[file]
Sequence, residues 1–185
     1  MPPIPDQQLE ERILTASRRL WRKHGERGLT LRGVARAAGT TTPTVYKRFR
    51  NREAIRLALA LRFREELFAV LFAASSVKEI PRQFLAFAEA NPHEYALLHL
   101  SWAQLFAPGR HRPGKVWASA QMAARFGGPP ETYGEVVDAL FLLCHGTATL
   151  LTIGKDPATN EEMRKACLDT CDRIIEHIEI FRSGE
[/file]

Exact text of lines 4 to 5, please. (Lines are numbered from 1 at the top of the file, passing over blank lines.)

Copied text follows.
   101  SWAQLFAPGR HRPGKVWASA QMAARFGGPP ETYGEVVDAL FLLCHGTATL
   151  LTIGKDPATN EEMRKACLDT CDRIIEHIEI FRSGE